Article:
Funny you should say that von Mises' argument falls down. Khrushchev himself acknowledged it was right and said that if (when) the Soviets took over the World, they would leave one country as a market economy so that they would have prices to reckon by for their accursed, groaning slave empire. By the late 1980s, Trotskyites in the UK were still grappling with it, and came up with a basis of calculation using energy rather than prices, but it wasn't clear if when they said that they would use 'energy' as a (bastardised) substitute for 'labour', making the labour theory of value into an energy theory of value, if they would calculate on the least energy being used or the most energy being used in a process as the way to calculate 'value'.

You appear to accept that socialists have engaged in deliberate genocide, which is true, but even when they don't they still produce famine. Look at Venezuela. In the 1980s, you could buy Bolivars in bureaux de change in Portugal, as so many Portuguese worked there. Now, after some years of socialism, people are breaking into zoos to kill and eat the animals inside.

I can't quite see how von Mises, writing in 1922, can be 'Thatcherite' when she hadn't even been born then.
Economists don't understand either mathematics or scientific models anyway.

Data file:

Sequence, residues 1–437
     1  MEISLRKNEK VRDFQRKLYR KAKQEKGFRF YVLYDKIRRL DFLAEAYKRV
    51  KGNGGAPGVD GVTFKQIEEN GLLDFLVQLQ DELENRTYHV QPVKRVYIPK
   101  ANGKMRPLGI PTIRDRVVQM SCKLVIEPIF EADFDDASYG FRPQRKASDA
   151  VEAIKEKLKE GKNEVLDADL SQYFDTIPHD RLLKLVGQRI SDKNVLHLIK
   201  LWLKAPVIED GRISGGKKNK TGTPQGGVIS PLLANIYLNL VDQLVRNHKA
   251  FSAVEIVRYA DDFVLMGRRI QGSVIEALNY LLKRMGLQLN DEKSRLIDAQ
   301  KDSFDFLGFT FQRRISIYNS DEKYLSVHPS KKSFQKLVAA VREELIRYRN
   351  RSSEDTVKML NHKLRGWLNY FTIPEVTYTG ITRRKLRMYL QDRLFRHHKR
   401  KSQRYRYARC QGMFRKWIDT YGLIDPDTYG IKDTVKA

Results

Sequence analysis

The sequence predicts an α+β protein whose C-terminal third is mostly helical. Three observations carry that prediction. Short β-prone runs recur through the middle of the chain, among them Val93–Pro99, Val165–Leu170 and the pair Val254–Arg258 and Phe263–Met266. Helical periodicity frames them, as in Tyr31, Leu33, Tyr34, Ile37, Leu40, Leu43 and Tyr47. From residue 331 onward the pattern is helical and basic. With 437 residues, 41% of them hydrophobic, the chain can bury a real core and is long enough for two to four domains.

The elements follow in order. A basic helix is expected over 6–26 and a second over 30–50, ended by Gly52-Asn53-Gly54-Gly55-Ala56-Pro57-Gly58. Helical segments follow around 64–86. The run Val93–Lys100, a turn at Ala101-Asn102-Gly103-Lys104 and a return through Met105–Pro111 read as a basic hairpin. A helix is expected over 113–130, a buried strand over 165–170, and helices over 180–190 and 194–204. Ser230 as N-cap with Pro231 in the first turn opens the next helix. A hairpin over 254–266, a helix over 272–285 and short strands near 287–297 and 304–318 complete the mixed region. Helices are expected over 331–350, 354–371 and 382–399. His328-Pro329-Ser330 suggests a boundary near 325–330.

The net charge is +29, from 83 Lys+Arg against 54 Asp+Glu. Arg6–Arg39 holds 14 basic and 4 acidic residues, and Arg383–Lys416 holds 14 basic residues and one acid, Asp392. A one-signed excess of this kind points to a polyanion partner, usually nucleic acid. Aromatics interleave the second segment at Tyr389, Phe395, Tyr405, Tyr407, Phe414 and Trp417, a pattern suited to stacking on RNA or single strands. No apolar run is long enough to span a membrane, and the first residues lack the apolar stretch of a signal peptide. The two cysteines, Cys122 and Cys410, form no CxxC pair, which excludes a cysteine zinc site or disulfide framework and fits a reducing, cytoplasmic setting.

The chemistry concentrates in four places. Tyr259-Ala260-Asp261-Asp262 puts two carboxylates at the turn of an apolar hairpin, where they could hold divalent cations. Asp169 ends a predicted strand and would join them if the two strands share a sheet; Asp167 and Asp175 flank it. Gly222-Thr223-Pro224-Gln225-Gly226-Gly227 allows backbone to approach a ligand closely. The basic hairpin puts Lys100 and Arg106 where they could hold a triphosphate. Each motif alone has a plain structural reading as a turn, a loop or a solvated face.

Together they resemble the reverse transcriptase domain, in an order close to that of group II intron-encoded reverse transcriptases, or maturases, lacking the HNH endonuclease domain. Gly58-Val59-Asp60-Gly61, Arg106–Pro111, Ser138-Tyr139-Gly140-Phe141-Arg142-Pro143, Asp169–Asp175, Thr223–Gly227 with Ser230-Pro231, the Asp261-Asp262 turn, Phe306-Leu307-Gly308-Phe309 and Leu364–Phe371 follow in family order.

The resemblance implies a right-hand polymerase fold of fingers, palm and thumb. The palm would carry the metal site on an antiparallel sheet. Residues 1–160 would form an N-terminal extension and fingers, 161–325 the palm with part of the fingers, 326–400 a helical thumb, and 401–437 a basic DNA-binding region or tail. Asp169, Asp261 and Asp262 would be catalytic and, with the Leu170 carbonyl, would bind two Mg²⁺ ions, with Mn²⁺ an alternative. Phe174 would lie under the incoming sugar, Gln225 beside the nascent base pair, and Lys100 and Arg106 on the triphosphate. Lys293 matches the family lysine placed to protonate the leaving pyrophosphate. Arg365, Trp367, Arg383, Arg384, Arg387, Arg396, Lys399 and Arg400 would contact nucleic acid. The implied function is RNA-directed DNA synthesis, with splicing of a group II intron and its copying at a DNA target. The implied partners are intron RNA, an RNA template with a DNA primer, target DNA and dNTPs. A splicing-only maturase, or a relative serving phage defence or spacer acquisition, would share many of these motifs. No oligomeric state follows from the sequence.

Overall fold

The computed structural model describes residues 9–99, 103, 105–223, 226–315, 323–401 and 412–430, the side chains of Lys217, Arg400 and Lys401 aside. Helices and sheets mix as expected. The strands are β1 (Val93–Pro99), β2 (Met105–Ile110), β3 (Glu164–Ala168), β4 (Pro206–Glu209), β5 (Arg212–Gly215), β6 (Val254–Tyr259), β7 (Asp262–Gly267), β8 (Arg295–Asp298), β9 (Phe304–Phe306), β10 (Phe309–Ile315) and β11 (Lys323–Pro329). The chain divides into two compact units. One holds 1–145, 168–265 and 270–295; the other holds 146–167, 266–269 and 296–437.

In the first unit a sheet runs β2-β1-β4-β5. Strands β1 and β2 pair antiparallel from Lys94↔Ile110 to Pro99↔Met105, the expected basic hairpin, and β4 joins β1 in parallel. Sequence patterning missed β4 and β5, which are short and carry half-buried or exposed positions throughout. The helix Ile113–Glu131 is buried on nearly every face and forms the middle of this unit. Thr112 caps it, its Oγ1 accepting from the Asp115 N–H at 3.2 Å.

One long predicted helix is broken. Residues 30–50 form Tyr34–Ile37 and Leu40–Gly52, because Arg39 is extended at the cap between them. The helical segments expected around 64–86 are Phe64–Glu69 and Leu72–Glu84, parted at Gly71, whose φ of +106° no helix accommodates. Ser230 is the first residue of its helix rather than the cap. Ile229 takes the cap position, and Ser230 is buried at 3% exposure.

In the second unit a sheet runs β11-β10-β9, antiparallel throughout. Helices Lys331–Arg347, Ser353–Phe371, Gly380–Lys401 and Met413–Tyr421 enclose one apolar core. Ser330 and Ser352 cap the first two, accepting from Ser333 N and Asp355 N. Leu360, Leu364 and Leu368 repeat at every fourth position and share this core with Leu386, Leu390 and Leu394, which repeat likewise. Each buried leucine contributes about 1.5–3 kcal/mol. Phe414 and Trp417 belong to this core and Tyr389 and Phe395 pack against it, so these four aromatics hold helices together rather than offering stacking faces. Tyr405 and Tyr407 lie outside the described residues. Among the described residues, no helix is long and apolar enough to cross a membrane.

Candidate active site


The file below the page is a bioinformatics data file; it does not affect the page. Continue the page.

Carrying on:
Now that really is a classic, von Mises (whose brother Richard was a mathematician), expressly rejected mathematical models in economics. He posited it as a science of human action, how humans react to scarcity essentially, his work is the very antithesis of mathematical economics. You might as well talk of Rutherford's currant buns.

I think I can stop there. There's nothing useful to be achieved by taking this any further.

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Re:

Post by rockfreak » Sat May 11, 2019 9:15 pm

Cleopatra wrote:
Sat Feb 26, 2005 4:21 pm
To this very day, I am consumed by a passionate indifference.
Looking at your viewing profile Cleopatra I think we may have much in common (I too had a cat which I loved dearly). But that's the trouble with the *intensity of experience" which James Brooke-Smith mentions in his book on public schools - even the indifference is intense. You never quite shake the bl**dy place off. Otherwise we wouldn't be picking away on this site. No-one that goes to day school seems to have this problem (like my three daughters for instance). People go to school, learn, leave, and then go off into the outside world. The proverbial university of life. The public schools deliberately foster what I might call an air of grandeur in order to seduce those stupid enough to buy into the whole silly charade.